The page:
Gepostet am 26 April 2019
NGOs make headlines. Again and again, they come into the limelight when they work where nobody else can or wants to get involved. Whether it is the conservation of natural areas, humanitarian missions in war and crisis areas or political education and education, NGOs are an important part of civil society. But what is an NGO?
The abbreviation "NGO" includes the term "non-governmental organization" - in German is also NGO or "non-governmental organization" common. An NGO needs to meet a variety of criteria to live up to its name. It must be privately organized and independent. An organization that claims independence, but ultimately is sponsored by interest groups, can not claim independence. Just as important as the independence of economic and / or political stakeholders is a non-profit orientation. In order to be able to call themselves NGOs or NGOs, an organization must therefore renounce the claim to profits and may not distribute any profits to its members. That should ensure independence.
What do NGOs do?
Non-governmental organizations are active in many areas of social and social life. They are committed to the rights of groups, especially the rights and protections of the weak and disadvantaged - such as many NGOs involved in child protection or women's rights. But also for people with disabilities, for victims of justice, for seniors, NGOs are involved - and of course currently for the victims of conflicts and for refugees. The list could be extended considerably.
In addition to the protection and representation of individual groups, NGOs can also move in the social and political spheres, point out and fight against the abuse of power and the right of way.
And NGOs are also important in animal and nature conservation. As independent admonishers, they stand up for fellow creatures who have no voice, and strive to protect the beauty and riches of the planet.
How do NGOs finance themselves?
Since NGOs are not allowed to distribute profits, many of them depend on donations. Another source of income is membership fees, which are incurred there, where a NGO is organized as a non-profit association. Since non-governmental organizations in particular have a high requirement for independence and transparency, effective public relations work that is at the same time compatible with the ethics of the organization and the absolutely correct use of the collected funds are of utmost importance - the credibility of an NGO stands and falls with it.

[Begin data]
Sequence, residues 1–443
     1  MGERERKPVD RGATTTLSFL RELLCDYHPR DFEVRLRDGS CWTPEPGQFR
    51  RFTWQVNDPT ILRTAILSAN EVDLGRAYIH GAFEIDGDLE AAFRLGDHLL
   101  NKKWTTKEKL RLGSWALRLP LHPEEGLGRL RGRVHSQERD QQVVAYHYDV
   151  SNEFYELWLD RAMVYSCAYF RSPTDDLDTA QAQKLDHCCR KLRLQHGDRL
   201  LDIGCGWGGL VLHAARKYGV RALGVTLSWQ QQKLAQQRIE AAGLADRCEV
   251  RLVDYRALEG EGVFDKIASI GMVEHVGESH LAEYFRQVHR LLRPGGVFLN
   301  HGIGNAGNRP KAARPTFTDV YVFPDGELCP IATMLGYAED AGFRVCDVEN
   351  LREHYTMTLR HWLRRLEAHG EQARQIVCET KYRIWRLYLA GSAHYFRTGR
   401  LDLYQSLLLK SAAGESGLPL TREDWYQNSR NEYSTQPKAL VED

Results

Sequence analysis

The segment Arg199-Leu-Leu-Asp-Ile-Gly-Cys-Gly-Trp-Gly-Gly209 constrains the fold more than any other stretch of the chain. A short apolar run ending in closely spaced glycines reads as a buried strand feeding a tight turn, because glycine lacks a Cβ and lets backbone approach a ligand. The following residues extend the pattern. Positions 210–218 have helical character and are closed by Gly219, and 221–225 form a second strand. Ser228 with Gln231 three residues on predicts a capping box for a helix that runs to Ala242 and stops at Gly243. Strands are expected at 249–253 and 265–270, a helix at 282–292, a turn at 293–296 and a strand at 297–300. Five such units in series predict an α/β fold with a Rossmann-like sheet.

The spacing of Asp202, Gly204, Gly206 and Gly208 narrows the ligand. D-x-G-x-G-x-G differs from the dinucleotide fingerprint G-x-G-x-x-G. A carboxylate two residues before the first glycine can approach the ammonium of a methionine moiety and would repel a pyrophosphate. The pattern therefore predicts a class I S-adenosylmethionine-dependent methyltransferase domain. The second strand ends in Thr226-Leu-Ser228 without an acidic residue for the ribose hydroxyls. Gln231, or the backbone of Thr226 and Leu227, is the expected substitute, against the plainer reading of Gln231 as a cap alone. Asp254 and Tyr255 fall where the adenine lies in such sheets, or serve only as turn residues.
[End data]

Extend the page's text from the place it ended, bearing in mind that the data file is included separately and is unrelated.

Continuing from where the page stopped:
This does not mean, however, that the members or employees of an NGO would not be paid. Especially where elaborate work is done, where specialists and experts are needed, NGOs are fully empowered to pay well for their salaried and freelance employees according to local standards. This is offset by the honorary members or employees who work free of charge or for a compensation for expenses.
Revenue from successful projects
Financing through products from own projects is also legitimate for an NGO. For example, anyone who campaigns for a vocational training project may sell the craft products that are the result of project work - to generate revenue for further activity and to bring tangible proof of success to the market. In any case, it is important that the money generated is returned and serves to finance further activities of the NGO.
At NIKIN, we want to help ensure that the work of NGOs who are strong in forest and nature conservation reaches the consumer. And that each one of you has the opportunity to contribute straightforwardly and directly to nature. Our special love and attachment applies to the forest and its inhabitants. Trees clean the air we breathe and the water we drink. Forests are the most important biodiversity reserves. That's why we work with OneTreePlanted and BOS.
Since 2014, our partner OneTreePlanted has been reforging areas that have been deforested by deforestation, forest fires and other environmental disasters worldwide. The mission: one dollar per tree. In North and South America, Africa and Asia, OTP's tree planters are active and plant trees that are suitable for the region and can thrive there. We at NIKIN make sure that they do not run out of money for forest afforestation. With each product purchased from us, a tree is planted!
BOS Switzerland has been committed to protecting the last orangutans of Borneo since the 1990s - and preserving the tropical forests in which they live. In addition to rescuing and rehabilitating the animals, work also focuses on working in the community - because only when people understand why the animals' habitat is important to them can species protection and nature conservation be implemented in the long term.
And that's how NIKIN works
Each of our customers sponsors a tree with their purchase. Every month, the sums collected from our sale are forwarded to our partners OneTreePlanted and One-Tree-One-Life / BOS Switzerland. Then it is not immediately planted, because the afforestation takes place seasonally at various locations worldwide. So anywhere in the world, in the months following your purchase, your tree is planted by hand. You will not be able to see or visit it - but for your contribution, you will receive your personal certificate as a tree sponsor with your NIKIN product. And to stay true to our principles, we largely do without paperwork such as invoices - where something is printed, we use "tree-free" paper made of sugar cane or similar materials. So that we consistently think of nature conservation.